The first object was to raise some money. Most children would only get a few pennies from parents.
Taking a guy around is still done to a limited extent, but it was much more common then. A pair of old pram wheels and a blacksmith would make an axle for one shilling which lasted for years, sufficed when fastened to an old benzine box with two pieces of old timber for handles.
The guy was made much as it is now, except that Dad’s old pants and coat would be so worn that the use of a sack needle was required to stop the straw gaping out. Men’s hats, even if only of straw, were more plentiful then though a few ties of string would be needed across the crown to stop the hat being a collar.
The large tubular bangers at one penny were 5 inches long and an inch thick. These would be let off by the dozen and even on the footpath, especially after midnight when most shoppers had dispersed. I think the modern war fighting in open order evolved from the methods used by the late home goers to avoid being blown off the footpath.
Horses were terrified and the wise driver or rider kept them to the back streets or in the liveries.
The halfpenny bangers were smaller and were usually used by the younger fry, but they gave off quite an impressive bang.
The stringed crackers were bigger than now, but were seldom let off as a string as they were too expensive, except for the wealthy. Fizzers were always partly broken in half and lit so that they fizzed from our fingers.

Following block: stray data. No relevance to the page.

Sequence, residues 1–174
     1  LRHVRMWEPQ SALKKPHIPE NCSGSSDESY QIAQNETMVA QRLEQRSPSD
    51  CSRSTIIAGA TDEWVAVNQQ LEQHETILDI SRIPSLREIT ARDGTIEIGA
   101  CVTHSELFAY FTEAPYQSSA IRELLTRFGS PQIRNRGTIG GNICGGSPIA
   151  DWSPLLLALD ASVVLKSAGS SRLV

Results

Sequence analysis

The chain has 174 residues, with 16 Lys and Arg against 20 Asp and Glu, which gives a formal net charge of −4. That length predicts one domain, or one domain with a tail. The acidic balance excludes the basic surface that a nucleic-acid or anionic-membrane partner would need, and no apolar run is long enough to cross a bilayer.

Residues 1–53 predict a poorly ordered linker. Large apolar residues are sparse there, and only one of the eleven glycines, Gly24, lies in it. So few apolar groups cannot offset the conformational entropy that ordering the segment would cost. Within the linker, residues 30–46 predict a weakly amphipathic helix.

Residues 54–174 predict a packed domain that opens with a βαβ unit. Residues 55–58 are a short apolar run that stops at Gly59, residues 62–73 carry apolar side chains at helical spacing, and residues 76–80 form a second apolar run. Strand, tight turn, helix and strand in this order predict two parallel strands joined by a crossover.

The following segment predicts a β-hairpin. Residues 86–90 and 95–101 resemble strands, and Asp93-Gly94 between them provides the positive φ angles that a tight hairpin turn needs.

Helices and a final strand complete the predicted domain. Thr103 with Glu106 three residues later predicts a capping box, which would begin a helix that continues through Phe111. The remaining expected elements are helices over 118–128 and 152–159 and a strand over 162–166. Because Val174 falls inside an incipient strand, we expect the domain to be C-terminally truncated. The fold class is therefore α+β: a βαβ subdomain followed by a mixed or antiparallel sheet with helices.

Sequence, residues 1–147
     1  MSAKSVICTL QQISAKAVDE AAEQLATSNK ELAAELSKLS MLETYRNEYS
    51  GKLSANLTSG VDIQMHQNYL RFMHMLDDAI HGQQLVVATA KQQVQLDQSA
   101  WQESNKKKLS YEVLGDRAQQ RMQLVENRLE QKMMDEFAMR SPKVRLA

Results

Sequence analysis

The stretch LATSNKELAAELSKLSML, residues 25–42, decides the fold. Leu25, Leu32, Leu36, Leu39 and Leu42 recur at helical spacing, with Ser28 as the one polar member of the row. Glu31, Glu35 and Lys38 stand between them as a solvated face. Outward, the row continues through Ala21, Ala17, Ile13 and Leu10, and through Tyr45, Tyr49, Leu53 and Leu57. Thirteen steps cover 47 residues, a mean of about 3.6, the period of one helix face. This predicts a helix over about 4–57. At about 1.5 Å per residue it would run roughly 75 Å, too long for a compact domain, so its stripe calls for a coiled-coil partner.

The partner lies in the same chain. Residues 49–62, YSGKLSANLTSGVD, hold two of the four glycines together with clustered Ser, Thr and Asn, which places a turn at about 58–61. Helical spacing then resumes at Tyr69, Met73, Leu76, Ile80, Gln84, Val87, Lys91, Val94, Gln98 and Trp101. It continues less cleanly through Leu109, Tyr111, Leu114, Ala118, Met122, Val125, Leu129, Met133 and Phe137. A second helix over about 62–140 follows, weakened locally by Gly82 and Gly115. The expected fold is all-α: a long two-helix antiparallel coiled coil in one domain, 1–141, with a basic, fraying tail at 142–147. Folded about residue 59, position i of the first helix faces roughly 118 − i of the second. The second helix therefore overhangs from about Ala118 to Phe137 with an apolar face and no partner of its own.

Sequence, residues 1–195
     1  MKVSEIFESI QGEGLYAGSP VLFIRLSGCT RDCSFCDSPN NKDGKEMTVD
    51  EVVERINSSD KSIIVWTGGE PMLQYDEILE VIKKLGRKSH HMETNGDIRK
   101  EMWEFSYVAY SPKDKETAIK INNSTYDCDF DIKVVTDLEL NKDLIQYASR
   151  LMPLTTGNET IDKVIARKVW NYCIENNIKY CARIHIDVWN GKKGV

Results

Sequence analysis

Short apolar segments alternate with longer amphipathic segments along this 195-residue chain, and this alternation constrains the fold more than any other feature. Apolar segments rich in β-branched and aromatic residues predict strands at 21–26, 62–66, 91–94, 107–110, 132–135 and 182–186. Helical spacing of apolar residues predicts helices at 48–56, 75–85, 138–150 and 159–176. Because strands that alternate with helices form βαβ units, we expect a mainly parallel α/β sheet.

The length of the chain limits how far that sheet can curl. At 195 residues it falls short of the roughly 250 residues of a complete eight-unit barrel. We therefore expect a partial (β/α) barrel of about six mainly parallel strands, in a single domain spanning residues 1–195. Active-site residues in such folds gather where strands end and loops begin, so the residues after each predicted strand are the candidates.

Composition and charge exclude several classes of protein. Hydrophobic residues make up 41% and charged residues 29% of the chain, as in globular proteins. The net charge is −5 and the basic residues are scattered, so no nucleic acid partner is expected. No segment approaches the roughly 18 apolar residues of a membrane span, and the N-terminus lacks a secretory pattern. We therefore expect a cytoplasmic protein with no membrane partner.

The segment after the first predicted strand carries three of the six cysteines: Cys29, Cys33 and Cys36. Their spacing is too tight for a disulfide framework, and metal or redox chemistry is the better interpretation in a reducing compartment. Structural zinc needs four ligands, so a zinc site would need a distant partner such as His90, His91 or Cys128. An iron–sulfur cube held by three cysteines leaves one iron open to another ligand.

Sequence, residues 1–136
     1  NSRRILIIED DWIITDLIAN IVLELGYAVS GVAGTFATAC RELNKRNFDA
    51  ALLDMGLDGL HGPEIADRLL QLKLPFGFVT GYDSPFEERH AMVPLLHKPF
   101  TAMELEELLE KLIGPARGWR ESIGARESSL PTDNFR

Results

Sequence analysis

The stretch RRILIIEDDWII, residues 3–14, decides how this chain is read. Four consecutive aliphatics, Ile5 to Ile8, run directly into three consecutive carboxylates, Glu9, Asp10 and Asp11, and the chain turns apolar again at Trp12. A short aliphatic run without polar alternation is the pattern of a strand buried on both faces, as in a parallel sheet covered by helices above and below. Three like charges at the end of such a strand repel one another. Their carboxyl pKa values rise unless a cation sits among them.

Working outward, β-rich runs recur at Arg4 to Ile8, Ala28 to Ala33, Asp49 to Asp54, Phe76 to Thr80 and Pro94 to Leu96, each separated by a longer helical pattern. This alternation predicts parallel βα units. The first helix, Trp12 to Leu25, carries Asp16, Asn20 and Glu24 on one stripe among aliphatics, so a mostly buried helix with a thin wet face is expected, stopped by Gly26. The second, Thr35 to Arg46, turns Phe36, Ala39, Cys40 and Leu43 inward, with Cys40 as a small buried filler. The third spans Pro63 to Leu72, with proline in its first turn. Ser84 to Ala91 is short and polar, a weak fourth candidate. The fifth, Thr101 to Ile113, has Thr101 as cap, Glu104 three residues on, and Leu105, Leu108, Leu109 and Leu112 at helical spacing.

After a bonfire, at dawn next morning there was a hunt for unexploded crackers, but usually they were too damp.
The flare type of fireworks were not so common then as now, though Roman Candles were available with the powder packed in bamboo up to 12 inches long and one inch wide. Skyrockets were larger with the propellant cracker about 4 inches long and of course flew much higher, but the air display was not as colourful as today. The emphasis was on the banger type of firework, Sparklers were not available in the 1920s.
Making cannons was a popular hobby in our youth. Someone’s father had a flask of powder, or at worst some blasting powder. The cannon always made a gratifying jump backwards as the charge exploded.
I can remember at a neighbour’s shed we fixed an old muzzleloader into a vice and aimed it out through the open door. It was loaded from a powder flask and a cap attached and fired in the direction of where Creighton’s sawmill is now. Of course, no parents were home.
Once a friend nicked one of his father’s packets of shotgun cartridges. After the shot was taken out, the cartridge was put in a piece of pipe held in a vice. A rivet served as a firing pin. When the rivet was hit by a hammer, the bang was quite impressive. I am still in one piece (surprisingly).